Zelenskyy framed by winter sun as he offers steely message of Ukraine’s thanks to the UK
The streams of light pouring into the medieval room through the giant stained glass window in St Stephen’s Porch created a poignant setting for Volodymyr Zelenskyy as he made a witty and defiant address to the great hall of the Westminster parliament.
Powerful words delivered in not flawless but passionate English echoed off the grey and cold flagstones to an enraptured audience of MPs and statesmen. The great chamber has been addressed by Nelson Mandela and Barack Obama, among a handful of speakers from the steps, but only one cut a battlefield demeanour – the fatigues-wearing leader of Ukraine.
The historical significance of President Zelenskyy’s address to the UK Parliament was tangible in Westminster Hall on Wednesday with hundreds of MPs lined up in the deep well to watch the wartime leader, who personally thanked them for their support.
The solidarity of the moment was emphasised by the way that lawmakers huddled together in front of the steps. They craned their necks forward as one, keenly awaiting the Ukrainian president’s first visit to Britain since Russia invaded his country almost a year ago.
Many donned thick coats to shield themselves against the cold in the hall and eagerly awaited the arrival of the man some have come to regard as a modern-day Winston Churchill. Greeting their special guest with rapturous applause, politicians looked on with a mix of appreciation and awe as the Ukrainian president ascended the platform.
The sunshine that spilled though the grand window had the effect of also emphasising how tired he looked. It was something that was an appropriate framing of Mr Zelenskyy as he invoked memories of the Second World War when he said the UK and Ukraine “have already fought together against such evil”.
‘We will always come out on top of evil.’
President Volodymyr Zelenskyy
“It is impossible to completely erase evil from human nature,” he said, as MPs watched with laser-sharp focus. “Yet it is in our power to guarantee with words and deeds that the light side of human nature will prevail.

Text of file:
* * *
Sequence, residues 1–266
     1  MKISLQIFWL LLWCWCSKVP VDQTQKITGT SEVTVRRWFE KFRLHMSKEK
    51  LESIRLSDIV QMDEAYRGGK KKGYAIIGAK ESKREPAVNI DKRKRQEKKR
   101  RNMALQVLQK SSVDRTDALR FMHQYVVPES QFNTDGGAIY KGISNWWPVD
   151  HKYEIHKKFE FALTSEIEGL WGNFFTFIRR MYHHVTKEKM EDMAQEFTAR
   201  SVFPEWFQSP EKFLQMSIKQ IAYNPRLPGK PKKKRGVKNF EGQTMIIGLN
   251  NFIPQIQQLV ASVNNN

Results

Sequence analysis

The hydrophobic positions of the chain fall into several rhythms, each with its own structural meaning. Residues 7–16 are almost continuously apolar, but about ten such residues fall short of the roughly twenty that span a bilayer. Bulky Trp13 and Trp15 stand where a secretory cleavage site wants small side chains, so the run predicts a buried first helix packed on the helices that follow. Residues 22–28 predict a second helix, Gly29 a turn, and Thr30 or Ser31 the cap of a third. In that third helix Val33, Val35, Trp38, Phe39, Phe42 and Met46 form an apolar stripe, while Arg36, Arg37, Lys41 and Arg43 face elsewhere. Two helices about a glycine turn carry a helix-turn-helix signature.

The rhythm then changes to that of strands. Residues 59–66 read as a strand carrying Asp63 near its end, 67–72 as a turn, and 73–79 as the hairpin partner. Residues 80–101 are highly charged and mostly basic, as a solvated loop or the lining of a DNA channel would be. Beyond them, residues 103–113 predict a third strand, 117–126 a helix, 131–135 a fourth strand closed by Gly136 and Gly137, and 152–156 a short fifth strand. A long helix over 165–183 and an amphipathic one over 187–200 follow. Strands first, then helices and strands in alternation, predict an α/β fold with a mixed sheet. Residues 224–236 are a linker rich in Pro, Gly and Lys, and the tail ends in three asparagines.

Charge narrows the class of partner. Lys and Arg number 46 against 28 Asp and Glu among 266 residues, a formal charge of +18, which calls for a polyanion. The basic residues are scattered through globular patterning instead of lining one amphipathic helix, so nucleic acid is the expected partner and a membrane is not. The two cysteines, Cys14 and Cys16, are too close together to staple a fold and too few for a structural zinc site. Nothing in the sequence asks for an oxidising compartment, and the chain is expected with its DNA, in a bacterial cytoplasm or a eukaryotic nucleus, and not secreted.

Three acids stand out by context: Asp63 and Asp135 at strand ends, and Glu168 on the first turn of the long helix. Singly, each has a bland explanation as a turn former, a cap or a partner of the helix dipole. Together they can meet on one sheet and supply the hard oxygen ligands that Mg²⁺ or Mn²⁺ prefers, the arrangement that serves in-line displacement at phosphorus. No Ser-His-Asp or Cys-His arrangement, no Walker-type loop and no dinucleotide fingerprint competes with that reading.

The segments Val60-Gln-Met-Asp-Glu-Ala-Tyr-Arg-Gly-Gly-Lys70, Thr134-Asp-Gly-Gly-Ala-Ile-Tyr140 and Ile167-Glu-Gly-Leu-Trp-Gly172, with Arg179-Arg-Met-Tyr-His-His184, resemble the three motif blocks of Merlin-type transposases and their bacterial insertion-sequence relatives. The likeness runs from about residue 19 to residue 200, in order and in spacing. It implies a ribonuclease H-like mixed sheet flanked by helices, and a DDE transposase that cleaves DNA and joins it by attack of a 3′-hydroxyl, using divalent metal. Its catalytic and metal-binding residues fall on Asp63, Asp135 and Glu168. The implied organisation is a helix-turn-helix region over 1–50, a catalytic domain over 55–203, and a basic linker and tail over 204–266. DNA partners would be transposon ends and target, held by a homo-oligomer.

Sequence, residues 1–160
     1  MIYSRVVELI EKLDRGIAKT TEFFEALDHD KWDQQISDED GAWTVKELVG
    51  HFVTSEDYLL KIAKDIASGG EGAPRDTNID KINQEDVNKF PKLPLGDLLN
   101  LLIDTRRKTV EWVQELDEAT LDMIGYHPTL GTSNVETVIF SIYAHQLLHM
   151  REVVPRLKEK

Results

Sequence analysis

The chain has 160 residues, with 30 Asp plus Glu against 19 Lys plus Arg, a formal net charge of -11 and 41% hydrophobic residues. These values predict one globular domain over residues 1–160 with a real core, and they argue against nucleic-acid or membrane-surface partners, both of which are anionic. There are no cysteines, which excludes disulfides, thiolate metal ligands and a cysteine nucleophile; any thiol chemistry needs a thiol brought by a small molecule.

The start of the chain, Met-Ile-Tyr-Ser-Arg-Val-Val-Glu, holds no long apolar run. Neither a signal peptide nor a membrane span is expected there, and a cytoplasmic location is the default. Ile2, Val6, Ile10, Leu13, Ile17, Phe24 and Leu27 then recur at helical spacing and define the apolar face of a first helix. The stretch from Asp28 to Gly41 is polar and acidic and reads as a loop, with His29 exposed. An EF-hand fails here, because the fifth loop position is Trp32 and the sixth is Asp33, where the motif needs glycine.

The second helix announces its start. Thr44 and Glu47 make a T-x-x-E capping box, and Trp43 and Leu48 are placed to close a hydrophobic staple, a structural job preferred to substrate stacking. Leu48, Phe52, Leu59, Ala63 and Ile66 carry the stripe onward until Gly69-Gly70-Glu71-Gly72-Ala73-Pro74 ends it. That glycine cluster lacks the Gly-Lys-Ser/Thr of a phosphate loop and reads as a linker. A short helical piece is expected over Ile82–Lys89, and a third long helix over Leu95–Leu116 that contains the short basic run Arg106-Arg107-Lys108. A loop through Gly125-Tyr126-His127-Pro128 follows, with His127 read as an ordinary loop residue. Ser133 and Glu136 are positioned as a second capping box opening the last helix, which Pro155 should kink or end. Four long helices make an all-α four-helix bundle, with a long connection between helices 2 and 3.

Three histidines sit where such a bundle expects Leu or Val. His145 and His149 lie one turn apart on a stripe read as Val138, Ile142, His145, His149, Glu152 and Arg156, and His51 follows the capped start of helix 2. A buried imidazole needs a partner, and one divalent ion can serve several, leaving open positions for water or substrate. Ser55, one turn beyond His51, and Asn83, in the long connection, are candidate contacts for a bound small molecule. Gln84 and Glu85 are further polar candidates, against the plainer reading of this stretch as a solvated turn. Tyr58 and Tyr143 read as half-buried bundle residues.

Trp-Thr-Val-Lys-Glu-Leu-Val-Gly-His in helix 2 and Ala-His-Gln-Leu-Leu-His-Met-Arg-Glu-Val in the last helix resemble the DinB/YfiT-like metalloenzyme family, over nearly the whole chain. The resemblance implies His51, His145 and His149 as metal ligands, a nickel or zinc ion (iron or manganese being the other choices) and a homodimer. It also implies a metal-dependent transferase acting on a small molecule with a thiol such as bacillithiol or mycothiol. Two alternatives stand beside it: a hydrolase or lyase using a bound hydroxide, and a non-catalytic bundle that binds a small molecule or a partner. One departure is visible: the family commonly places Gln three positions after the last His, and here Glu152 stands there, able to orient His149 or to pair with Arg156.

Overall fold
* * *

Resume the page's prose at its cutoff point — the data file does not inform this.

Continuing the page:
“You and us share this stance above anything else.”
Throughout this speech, MPs clapped at serval intervals including when he personally thanked them for showing leadership in the face of Russia’s aggression towards Ukraine and the wider West.
“You were among those very few who helped before [the] large scale invasion began,” he said, referring to the British Army’s training of Ukrainian troops in the lead up to February 24 2022.
Ukrainian President Volodymyr Zelenskyy visits the UK – in pictures
He further drew on similarities between the UK and Ukraine, saying both nations have stood on the right side of history.
His war-ravaged nation “will always come out on top of evil”, he declared, prompting another round of applause from the crowds.
“This lies at the core of our, and also your, traditions,” he added.
His light-hearted comparison between King Charles III and Ukrainian Air Force pilots drew laughs from MPs.
Lawmakers, many standing shoulder to shoulder with those from other political parties, smiled and clapped as their guest of honour joked that those behind the wheels of Ukrainian fighter jets were just like the British monarch.
“In Britain, the king is an air force pilot and in Ukraine today every air force pilot is a king,” Mr Zelenskyy quipped.
His presentation to the UK of a helmet belonging to one such pilot was a powerful symbol of his gratitude to Ukraine’s ally for its steadfast support.
Sir Lindsay Hoyle, the Speaker of the House of Commons, graciously accepted the gift before holding it up to MPs.
The Ukrainian leaders used the moment to issue a plea to Britain to send fighter jets to Kyiv’s forces to help them repel Russian fighters.
“We have freedom; give us wings to protect it,” he said.
Onlookers nudged forward on their toes to catch a glimpse of Boris Johnson, the prime minister at the start of the conflict last February who was ousted by the very same MPs later last year. There was no dissent however when Mr Zelenskyy singled out the Conservative former prime minister for his help and solidarity from the outset of the war.
“Boris: you got others united when it seemed absolutely impossible. Thank you,” he said.
He also extended his thanks to Prime Minister Rishi Sunak, who had earlier hosted him in his Downing Street flat for a continental breakfast.
“Thank you so much Rishi for inviting me and for me great honour to be here in Britain,” he said.
After delivering his speech, Mr Zelenskyy descended the steps where he shook hands with MPs. After extending his hand to Mr Sunak, Labour leaders Sir Keir Starmer and others, all eyes diverted to Mr Johnson. The two men formed a close-knit bond during Mr Johnson’s tenure in No 10 which was evidenced during Mr Johnson’s multiple visits to Ukraine.
While Mr Zelenskyy hastily shook hands with members of Labour’s shadow cabinet, former Conservative prime ministers Theresa May and Liz Truss, his unique relationship with Mr Johnson was plain to see for all.
With his signature tossed blonde hair, Mr Johnson smiled at his pal and was given a few moments to chat to him.
Mr Zelenskyy showed his appreciation by placing a hand on Mr Johnson’s shoulder. A small gesture, but powerful nonetheless, for the man he had hailed for rallying Ukraine’s allies in its hour of need.